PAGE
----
Liberal media bemoans Biden's poor approval rating despite 'achievements'
Media top headlines November 29
In media news today, a ‘Good Morning America’ guest worries omicron variant could hurt Biden’s economic ‘progress,’ CNN gets roasted for a tweet about the Waukesha parade attack, and a New York Times columnist says he has a ‘high tolerance’ for inflation.
President Biden’s approval ratings have nosedived in the past few months following inflation and supply chain crises, but the liberal media have offered different suggestions and excuses that have largely put the blame on the American people.
Multiple pundits and guests on left-leaning CNN and MSNBC have suggested that one reason why Biden isn’t faring well in the polls is because Americans aren’t engaged enough in politics. CNN’s “Reliable Sources” unpacked that idea on Sunday.
Host Brian Stelter asked one of his guests, writer and photographer Chris Arnade, “what’s going on” with Biden’s agenda and approval ratings, suggested the numbers don’t add up. Arnade answered by comparing Americans’ interest in politics to those who are only interested in football when the Super Bowl comes around.
“I mean, I think the way we talk about politics and the way most people talk about politics – I mean, it’s entirely different,” Arnade said. “We’re like, you know, we’re like – it’s like the NFL and most people treat politics like they’ll tune in to the Super Bowl once every few years and that’s about it. That’s how they view politics as something, you know, they’re not a player in it, they’re just a watcher. They support teams. They support a side. But they don’t feel like – it’s a distance thing that really that doesn’t – doesn’t – they don’t have a say in that much. And so, how politics affects them is very experiential.”
“It’s not about, you know, connecting what’s going on to policy and connecting policy to what’s going on,” he continued. “It’s just not something people do. That’s what we do, but that’s not how people perceive things. And quite honestly, you know, as I’ve written, what people see right now and I’ve been, as you said, walking across America. I go into cities and I walk 20 miles across America and just spend time hanging out talking to people.”
Stelter said it was an example of people employing “feelings” over “facts.”
FILE PHOTO: Gas prices grow along with inflation as this sign at a gas station shows in San Diego, California, U.S. November, 9, 2021. REUTERS/Mike Blake/File Photo
MSNBC’s Stephanie Ruhle sounded confused Monday as to why voters were souring on Biden at a time when he got his infrastructure bill through and when the economy recovery was “very good.” She asked her guests to offer an explanation as her show displayed a chyron that read, “Biden approval rating under water despite achievements.”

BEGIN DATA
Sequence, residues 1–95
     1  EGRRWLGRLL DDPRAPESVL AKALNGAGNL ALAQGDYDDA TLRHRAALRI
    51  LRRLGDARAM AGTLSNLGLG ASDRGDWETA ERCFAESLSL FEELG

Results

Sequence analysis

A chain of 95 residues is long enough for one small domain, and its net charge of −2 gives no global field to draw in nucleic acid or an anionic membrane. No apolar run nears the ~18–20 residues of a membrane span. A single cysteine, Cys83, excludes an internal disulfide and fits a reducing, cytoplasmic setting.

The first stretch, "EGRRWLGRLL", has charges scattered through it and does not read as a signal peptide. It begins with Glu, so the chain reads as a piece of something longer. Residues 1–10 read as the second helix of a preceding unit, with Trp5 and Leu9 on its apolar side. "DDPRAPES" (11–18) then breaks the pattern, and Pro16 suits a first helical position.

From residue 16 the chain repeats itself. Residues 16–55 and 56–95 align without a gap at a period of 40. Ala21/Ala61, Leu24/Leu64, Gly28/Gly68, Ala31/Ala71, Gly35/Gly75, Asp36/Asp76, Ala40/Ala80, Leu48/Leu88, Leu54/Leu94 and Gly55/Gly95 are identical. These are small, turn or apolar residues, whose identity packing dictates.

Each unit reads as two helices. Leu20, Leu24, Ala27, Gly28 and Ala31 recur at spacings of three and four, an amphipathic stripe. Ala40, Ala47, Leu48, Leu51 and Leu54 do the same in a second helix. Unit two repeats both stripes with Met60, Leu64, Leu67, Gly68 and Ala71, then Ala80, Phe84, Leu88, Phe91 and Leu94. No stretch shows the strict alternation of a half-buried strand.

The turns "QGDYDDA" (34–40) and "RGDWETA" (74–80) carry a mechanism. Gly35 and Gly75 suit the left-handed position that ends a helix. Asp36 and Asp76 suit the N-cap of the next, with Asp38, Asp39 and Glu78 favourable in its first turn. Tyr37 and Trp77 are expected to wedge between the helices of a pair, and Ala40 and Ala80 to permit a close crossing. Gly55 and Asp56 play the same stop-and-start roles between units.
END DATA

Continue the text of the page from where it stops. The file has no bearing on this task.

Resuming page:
Robert Gibbs said he thinks people “aren’t looking at their economic health through a jobs report” and are instead focusing on hardships in their lives that are currently front and center.
President Joe Biden delivers remarks on the debt ceiling during an event in the State Dining Room of the White House, Monday, Oct. 4, 2021, in Washington.
(AP Photo/Evan Vucci)
“I think they’re seeing gas prices go up,” Gibbs said. “I think they’re seeing their turkey dinners on Thanksgiving being more expensive.”
“People wanted to feel a sense of normalcy going into this holiday season … Unfortunately that hasn’t materialized,” he continued, later saying, “I think that while a lot of the president’s agenda is popular, I don’t think the American people know much about it.”
Containers line a Port of Oakland shipping terminal on Wednesday, Nov. 10, 2021, in Oakland, Calif. Intense demand for products has led to a backlog of container ships outside the nation’s two largest ports along the Southern California coast.
(AP Photo/Noah Berger)
“The process of this has overwhelmed the of specifics of the substance,” he later added, urging Biden and the Democrats to do a better job talking to Americans about Build Back Better, etc.
Magdi Semrau, a columnist for The Editorial Board, echoed another popular argument on “Reliable Sources”: The media isn’t doing a good enough job reporting on Biden’s agenda.
“I wrote about the disconnect between Biden’s approval rating–which appears to be slumping–& approval for his agenda–which remains high. This isn’t just a problem for Democrats. It’s a problem for democracy. The media has a role to play,” she added on Twitter, with a link to her piece on the subject entitled, “Biden’s policies are more popular than he is. For the first time in the modern era, the link between president and agenda is broken.”
“Is the Media to Blame for Biden’s Bad Poll Numbers?” New York Magazine similarly asked.
Bloomberg Opinion writer Jonathan Bernstein suggested the media’s bias on the economy is showing.
Other pundits like MSNBC’s Joy Reid have used the approval numbers to lecture Americans for not being more grateful for the efforts of the Biden administration.
“There are also a lot of Americans who despite having gotten the shots and checks are still telling pollsters that he’s accomplished nothing or almost nothing, which I find amazing. I guess they spent the whole $2,000 and now they’re not happy anymore,” Reid said earlier this month. “Does this matter? Should we think about this in terms of those polling numbers?”
Biden had a 36% approval rating in October, according to a Quinnipiac University national poll.
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